Judges to Consider Halting Work on WWII Memorial (Washington Post)

By Arthur Santanan, The Washington Post

The World War II Memorial faces yet another hurdle. The D.C. Circuit of the U.S. Court of Appeals yesterday told groups that oppose building the memorial on the Mall that a three-judge panel next week will consider their request to halt construction.

Memorial advocates say they will move ahead with plans to begin work Monday. The court move will not affect them, they say, because the site will only be surveyed next week.

A federal judge last week dismissed a suit to halt construction, but Andrea C. Ferster, an attorney for the opponents, appealed, asking for an injunction prohibiting construction until the appellate court could hear the case.

Attorneys on both sides have asked that the court make a decision on that request by the end of next week, she said. If the judges grant the injunction, construction would wait until the full appellate court could consider the case — which could take more than a year, Ferster said. If they say no to the injunction, construction could begin by late September, said Mike Conley, spokesman for the American Battle Monuments Commission.

The memorial’s general contractor is to be at the site Monday with surveying equipment, Conley said. “The rest of the week, they’ll be doing simple things, like surveying and mapping of utilities,” he said. He said that by the end of next week, fencing and other material may be delivered to the site, although a fence would not be erected until after Labor Day.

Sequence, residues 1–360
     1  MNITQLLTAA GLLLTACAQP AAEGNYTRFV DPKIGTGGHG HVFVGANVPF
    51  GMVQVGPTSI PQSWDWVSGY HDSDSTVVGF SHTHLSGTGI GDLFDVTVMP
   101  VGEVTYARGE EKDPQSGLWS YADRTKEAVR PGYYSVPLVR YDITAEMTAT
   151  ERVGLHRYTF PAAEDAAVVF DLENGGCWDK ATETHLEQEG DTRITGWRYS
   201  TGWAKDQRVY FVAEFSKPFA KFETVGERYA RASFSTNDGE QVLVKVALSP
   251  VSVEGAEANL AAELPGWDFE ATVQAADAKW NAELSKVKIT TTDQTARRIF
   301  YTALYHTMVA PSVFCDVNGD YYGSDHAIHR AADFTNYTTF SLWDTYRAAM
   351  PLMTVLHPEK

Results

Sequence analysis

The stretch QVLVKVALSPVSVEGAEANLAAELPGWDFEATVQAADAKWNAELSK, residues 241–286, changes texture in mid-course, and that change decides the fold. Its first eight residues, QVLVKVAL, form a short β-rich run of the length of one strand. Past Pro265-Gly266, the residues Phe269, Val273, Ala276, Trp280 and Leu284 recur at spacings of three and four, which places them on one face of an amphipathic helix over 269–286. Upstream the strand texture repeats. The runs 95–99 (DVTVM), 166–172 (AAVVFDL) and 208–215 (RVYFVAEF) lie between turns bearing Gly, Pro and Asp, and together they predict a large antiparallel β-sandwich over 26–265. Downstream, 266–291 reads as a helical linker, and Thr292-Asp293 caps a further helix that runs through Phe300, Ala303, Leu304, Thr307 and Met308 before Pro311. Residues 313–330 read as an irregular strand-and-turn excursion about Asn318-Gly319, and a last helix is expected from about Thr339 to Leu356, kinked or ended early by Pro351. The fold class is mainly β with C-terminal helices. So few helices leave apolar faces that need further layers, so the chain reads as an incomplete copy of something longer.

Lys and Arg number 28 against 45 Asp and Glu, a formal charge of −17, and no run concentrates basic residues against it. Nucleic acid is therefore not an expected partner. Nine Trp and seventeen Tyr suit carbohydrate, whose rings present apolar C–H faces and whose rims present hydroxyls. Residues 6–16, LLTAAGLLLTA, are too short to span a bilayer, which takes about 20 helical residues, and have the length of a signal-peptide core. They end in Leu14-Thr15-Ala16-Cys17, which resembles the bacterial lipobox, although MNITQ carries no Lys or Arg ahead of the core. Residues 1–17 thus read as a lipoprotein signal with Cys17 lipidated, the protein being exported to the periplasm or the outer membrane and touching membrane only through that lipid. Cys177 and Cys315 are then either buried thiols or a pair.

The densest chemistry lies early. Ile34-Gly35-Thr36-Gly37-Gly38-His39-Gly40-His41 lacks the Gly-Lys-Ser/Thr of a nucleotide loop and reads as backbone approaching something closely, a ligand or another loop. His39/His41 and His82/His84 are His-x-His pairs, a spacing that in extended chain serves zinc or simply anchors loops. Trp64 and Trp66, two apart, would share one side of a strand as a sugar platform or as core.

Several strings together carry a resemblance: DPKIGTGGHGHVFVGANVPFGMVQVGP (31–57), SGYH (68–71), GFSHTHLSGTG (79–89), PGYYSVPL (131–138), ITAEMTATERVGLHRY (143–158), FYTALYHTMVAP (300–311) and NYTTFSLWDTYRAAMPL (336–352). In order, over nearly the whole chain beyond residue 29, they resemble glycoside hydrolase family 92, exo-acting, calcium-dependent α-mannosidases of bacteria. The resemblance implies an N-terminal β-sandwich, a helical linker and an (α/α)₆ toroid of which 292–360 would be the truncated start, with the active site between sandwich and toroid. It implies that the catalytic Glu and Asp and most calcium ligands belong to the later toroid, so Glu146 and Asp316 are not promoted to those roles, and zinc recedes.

Ferster, who represents the National Coalition to Save Our Mall, World War II Veterans to Save the Mall, the Committee of 100 on the Federal City and the D.C. Preservation League, said that if the appeal is rejected, the groups could take the case to the U.S. Supreme Court, though they likely would not go that route. The groups say federal agencies and commissions did not follow proper procedures in choosing and approving the memorial site.

The decision last week by U.S. District Judge Henry H. Kennedy Jr. didn’t come as a surprise to opponents or federal officials. In June, Kennedy denied a request for a temporary restraining order on awarding a construction contract. The judge ruled that the court no longer had jurisdiction in May after President Bush signed a bill barring further judicial review of the memorial’s location and design.

© 2001 The Washington Post Company


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